Dark Green Stink Bug

Killing Stink Bugs with Neem Oil: Does It Work?

Whether you’ve just started gardening or have been doing so for years, you’ve probably heard of stink bugs even if you haven’t yet seen one in your garden.

Stink bugs are members of the Pentatomidae family. They come in all kinds of sizes and colors–the most common being brown, black, red, and green–and you can identify them based on their shield-like exoskeletons. With more than 4,700 species spread across the world, they’ve become a global pest and a major nuisance to farmers and gardeners alike.

When it comes to other nasty global pests (like aphids and spider mites), I use insecticidal soap and neem oil to get rid of them. But what about stink bugs? Will neem oil harm or kill off stink bugs?

Neem oil is relatively ineffective when it comes to killing stink bugs. Although it’s been shown to reduce feeding rates, increase egg mortality, and produce wing and leg malformations, neem oil doesn’t work well on stink bugs since both nymphs and adults can tolerate its chemical compounds.

Just to be clear: I’m not saying that neem oil does nothing to stink bugs because the research that’s out there is pretty clear that it can have some beneficial effects on these insects. It just won’t kill them off the way it’ll kill off aphids, armyworms, spider mites, whiteflies, and other soft-bodied insects.

This is good news for stink bugs but bad news for those of us who want to keep our gardens free of such pests but also wish to avoid using harsh chemical insecticides on or around our plants.

So is there nothing to be done when stink bugs show up in your garden?

Actually, there are several benefits to using neem oil and a few key strategies you can adopt to rid your garden of stink bugs.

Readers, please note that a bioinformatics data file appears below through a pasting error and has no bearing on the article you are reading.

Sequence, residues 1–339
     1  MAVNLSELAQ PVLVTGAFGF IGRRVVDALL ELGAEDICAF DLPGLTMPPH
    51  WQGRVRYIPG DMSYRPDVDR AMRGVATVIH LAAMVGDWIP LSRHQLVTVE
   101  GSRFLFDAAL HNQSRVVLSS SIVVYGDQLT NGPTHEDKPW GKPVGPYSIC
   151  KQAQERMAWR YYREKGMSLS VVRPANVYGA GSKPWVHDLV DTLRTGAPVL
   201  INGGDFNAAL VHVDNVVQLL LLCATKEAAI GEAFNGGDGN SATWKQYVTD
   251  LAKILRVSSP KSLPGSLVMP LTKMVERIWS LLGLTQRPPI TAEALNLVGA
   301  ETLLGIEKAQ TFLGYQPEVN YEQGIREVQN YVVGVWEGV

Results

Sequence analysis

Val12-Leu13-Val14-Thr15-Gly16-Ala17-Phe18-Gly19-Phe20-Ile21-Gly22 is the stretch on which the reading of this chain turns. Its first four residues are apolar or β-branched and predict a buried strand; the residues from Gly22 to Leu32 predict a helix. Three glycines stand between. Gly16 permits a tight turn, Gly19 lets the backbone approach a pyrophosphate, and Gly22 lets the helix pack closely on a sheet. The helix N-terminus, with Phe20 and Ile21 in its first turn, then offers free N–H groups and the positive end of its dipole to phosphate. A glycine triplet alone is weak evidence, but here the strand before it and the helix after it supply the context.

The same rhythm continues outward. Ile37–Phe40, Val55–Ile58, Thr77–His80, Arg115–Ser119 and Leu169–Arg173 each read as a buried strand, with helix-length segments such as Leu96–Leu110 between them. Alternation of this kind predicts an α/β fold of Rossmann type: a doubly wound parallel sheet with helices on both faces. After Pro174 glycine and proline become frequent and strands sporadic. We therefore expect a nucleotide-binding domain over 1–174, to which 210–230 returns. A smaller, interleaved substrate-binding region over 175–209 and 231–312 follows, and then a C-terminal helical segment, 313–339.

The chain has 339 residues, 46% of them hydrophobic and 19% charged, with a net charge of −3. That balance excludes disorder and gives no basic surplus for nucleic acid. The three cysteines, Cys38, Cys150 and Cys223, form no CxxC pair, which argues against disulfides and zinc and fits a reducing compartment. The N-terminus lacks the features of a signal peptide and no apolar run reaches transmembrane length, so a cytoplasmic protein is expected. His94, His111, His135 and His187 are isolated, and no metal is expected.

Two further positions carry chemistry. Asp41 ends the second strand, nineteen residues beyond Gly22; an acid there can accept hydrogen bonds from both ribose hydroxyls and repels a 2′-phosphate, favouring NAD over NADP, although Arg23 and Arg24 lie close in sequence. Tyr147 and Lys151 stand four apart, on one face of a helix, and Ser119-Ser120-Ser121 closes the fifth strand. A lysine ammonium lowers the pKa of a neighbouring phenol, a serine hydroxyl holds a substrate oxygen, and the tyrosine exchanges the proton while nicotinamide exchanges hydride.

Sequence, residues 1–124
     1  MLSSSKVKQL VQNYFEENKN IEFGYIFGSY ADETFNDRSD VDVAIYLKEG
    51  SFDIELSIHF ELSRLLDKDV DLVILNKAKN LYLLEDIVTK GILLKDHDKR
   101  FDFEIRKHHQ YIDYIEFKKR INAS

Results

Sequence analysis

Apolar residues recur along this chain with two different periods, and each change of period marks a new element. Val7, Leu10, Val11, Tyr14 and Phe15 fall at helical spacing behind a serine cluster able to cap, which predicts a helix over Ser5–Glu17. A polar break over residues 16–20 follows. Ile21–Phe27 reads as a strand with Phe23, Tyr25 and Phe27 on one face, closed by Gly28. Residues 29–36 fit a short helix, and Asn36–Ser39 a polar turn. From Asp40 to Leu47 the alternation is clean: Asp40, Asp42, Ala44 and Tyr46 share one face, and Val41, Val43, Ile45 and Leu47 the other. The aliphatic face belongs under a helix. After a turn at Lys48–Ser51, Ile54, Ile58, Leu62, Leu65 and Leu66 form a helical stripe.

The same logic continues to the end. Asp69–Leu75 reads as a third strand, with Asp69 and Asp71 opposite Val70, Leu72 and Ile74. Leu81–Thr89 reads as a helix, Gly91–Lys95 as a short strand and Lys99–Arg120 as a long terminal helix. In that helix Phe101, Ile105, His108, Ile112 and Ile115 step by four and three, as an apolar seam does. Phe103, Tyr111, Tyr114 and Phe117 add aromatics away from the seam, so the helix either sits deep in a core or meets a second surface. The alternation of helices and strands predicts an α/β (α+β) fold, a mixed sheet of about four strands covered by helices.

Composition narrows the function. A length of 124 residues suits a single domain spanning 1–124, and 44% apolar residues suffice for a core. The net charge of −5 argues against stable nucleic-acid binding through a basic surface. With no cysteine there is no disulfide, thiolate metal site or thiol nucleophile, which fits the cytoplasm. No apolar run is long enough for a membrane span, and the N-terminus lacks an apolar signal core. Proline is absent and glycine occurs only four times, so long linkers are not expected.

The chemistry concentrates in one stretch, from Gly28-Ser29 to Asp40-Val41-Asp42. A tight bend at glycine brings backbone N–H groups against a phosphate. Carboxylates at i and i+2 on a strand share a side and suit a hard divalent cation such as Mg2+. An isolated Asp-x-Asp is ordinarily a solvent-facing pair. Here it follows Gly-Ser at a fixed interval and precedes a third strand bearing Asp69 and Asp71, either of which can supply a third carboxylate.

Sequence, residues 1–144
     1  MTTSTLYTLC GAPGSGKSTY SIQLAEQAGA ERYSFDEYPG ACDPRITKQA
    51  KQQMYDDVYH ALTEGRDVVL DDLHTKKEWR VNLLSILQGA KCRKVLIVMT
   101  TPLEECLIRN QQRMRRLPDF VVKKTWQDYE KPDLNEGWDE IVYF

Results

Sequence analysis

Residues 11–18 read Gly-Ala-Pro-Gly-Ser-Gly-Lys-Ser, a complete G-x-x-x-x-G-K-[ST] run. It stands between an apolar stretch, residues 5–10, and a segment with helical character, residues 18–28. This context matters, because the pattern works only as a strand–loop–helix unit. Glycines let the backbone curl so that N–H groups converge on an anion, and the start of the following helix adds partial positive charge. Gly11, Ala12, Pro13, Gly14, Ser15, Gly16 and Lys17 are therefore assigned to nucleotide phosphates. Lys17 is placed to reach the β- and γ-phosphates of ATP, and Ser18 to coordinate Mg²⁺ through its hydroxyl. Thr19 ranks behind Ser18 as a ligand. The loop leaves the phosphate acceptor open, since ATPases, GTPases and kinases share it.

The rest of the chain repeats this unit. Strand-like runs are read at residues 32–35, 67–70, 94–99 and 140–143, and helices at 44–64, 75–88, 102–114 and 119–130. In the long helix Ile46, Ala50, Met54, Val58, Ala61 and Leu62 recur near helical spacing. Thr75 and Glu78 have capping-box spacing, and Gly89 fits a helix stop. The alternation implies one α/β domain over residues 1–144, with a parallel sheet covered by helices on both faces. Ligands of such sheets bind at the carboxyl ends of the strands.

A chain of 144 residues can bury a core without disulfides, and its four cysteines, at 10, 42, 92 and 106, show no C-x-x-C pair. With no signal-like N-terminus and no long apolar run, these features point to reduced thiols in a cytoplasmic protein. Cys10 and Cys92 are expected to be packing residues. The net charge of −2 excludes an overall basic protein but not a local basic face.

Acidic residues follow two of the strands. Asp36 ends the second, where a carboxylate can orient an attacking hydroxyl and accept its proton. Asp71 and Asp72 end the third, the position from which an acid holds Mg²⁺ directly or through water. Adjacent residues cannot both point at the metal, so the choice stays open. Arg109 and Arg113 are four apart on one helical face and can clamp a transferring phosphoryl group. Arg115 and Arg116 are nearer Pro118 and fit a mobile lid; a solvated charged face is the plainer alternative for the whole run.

Can You Use Neem Oil to Kill Stink Bugs?

At first glance, neem oil would seem like a perfect product to use if you’ve found stink bugs in your garden.

It’s been shown to kill off over 200 kinds of pests, yet it’s safe to use on fruits and vegetables (even days before a harvest), and it won’t harm earthworms, ladybugs, beneficial nematodes, or bees, butterflies, and other pollinators.

Much like other pests, stink bugs use their piercing mouthparts (known as proboscis) to puncture plant material and siphon off plant’s vital nutrients. But unlike spider mites, they’ll do this to both leafy material as well as veggies and fruits, causing everything from minor blemishes to ugly rotting spots as well as disease transmission.

What’s confusing for so many gardeners is that neem oil generally kills off plant-piercing bugs in 4-7 days. When properly mixed and applied to plants, neem oil’s primary chemical compounds (including the powerful natural chemical azadirachtin) find their way into bugs’ bodies and begin causing all kinds of cellular damage.

Unfortunately, even though stink bugs intake neem oil when they attack plants with their proboscis, the chemical compounds don’t do to them what they do to so many other bugs.

Light green stink bug camouflaged on a patio plant
Light Green Stink Bug: It was pretty well camouflaged on one of my patio plants.

Before we look at several effectives ways to remove stink bugs from your garden–including my personal preferred approach–let’s take a moment to see what scientists who’ve experimented with neem oil on stink bugs have learned.

I want to share this information for 2 reasons. First, I’ve seen too many writers suggest, without evidence, that using neem oil is an effective solution to stink bugs. Second, I’ve seen a handful of other writers suggest, again without evidence, that neem oil will have little to no effect on stink bugs.

So let’s take a look at what scientists have actually learned about neem oil and stink bugs. There aren’t a ton of published studies out there, but there’s enough to give us a sense of what scientists have learned about neem oil and stink bugs.

  • In an important study, researchers looked at a broad range of pest management products to see which, if any, killed off the brown marmorated stink bug (Pentatoma halys Stål), a particularly destructive global pest that originated in Southeast Asia but migrated to the United States around 1998, then on to South America and Europe. The researchers tried just about everything on these bugs–acetamiprid, carbaryl, essential oils, neem oil, permethrin, petroleum oil, potassium salts, and spinosad–and found that chemical insecticides increased the mortality rates of eggs, nymphs, and adults alike to differing degrees. Essential oils and spinosad were effective against nymphs only. Unfortunately, neem oil only increased the mortality rates of eggs. It had no effect on nymph or adult stink bugs.